Last week I wrote about the battle between adrenaline and oxytocin in our systems. I talked about adrenaline and its few benefits, and many undesirable health consequences. And maybe worse, its negative relationship consequences.

Oxytocin, on the other hand, is often called the love hormone or the cuddle chemical. Rightfully so, because it is not only released when we feel loved, but it carries many amazing benefits. Here are a few:

  • Reduced depression
  • Relief from anxiety
  • Reduced stress hormones
  • Increased contentment
  • Less withdrawal symptoms from drugs or alcohol
  • Deeper connections
  • Improved sleep quality
  • Less loneliness
  • More trust
  • Sharper brain function
  • Boosted immune system
  • Many more

When possible, I like to read the feedback that I receive from my blogs. One of the emails I received was from one of my Mother’s friends. She spoke of my Mother’s hugs as one of the best oxytocin-producers ever. What a sweet memory of my Mother’s hugs!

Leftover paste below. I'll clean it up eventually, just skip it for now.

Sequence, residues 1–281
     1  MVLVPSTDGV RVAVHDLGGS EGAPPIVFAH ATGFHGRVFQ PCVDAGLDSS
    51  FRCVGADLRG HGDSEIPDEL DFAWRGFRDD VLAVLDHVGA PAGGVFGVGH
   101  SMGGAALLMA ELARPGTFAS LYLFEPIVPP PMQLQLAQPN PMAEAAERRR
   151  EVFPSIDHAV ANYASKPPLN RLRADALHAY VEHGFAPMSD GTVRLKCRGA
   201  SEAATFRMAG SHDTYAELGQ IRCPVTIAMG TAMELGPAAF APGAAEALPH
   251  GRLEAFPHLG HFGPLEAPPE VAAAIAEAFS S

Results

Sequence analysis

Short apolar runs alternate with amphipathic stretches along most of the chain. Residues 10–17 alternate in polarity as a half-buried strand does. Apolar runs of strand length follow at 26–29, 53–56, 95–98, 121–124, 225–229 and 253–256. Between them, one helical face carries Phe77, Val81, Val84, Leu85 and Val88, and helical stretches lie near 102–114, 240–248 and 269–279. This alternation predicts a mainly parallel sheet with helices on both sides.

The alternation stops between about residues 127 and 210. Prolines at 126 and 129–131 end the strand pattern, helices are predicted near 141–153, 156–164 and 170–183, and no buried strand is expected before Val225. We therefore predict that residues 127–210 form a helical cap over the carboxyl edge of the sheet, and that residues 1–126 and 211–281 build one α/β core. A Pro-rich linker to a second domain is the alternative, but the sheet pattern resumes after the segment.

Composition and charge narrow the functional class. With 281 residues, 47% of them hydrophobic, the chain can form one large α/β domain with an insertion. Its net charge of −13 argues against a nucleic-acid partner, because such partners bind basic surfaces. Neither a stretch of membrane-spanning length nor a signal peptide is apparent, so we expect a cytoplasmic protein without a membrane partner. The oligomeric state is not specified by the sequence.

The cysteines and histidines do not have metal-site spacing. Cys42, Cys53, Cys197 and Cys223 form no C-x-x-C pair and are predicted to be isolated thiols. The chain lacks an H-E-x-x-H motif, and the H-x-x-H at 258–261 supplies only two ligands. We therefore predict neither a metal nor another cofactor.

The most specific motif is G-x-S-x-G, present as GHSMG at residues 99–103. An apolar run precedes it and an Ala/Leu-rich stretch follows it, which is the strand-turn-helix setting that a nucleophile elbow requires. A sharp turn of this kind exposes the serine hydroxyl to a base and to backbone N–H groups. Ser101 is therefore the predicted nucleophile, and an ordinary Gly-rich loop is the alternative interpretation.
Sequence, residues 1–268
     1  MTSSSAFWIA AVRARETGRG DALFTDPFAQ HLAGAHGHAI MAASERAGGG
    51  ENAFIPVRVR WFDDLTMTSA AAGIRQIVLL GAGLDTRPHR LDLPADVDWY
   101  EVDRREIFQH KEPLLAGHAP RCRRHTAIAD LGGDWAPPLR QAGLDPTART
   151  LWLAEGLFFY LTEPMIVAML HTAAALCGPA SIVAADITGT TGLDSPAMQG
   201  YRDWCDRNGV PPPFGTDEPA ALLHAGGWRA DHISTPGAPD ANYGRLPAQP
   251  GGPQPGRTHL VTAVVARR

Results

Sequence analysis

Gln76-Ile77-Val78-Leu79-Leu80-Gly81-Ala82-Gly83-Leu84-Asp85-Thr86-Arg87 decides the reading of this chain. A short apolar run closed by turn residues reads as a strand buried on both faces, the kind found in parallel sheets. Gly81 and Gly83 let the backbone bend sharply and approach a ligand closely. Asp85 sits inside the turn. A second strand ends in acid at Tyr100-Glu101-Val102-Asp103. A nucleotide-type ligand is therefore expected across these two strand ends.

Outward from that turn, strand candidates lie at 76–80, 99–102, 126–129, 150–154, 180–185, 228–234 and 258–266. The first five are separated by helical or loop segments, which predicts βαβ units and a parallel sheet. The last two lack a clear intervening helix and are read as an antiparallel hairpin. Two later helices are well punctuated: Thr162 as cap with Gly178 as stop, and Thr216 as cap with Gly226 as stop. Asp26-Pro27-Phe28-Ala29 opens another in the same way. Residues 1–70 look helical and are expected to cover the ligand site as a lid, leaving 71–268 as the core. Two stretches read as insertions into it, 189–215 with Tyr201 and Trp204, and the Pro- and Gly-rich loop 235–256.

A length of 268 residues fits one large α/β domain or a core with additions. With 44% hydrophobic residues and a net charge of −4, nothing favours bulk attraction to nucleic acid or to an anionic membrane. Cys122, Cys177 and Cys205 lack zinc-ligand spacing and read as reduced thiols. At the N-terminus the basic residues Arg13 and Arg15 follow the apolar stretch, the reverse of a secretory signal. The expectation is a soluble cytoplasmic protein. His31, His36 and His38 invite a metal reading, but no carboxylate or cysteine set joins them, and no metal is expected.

Her email went on to say that she looks forward to Sunday mornings every week at church, because it is often the only opportunity to receive and give hugs. After reading my blog, she realized it was because of the release of oxytocin in her system that she felt so much better for the first couple of days each week.

Then she asked a question that made me realize that she was likely not the only person in her situation. It read, “… since the only real human interaction I have is on Sundays, and I definitely cherish it, are there other ways that I could increase oxytocin in my body mid-and-late week after my Sunday fix wears off? … “

Excellent question, and it inspired this week’s blog. Are there other ways that we can increase our own oxytocin levels? Yes, there are.

But before I give you a good starting list, let me say this to those in all interpersonal relationships; couples, parents and children, families, and friends … there is nothing that can replace the oxytocin released into us when someone we love or care about makes a deposit into the relationship. Deposits can be small, but those small deposits still generate oxytocin in both parties.

A hug, a wink, a softly spoken “I love you”, a loving or caring text for no reason at all, a sticky note found on the steering wheel, a hand-written greeting card, a surprise cup of tea/coffee. Practice them often; practice them regularly. The release of oxytocin from such small gestures is priceless!

Having stated that, here are some ways to self-increase oxytocin in your body:

  1. Vitamin and Mineral Support

Vitamins C and D, and the mineral magnesium have been shown to support oxytocin release.N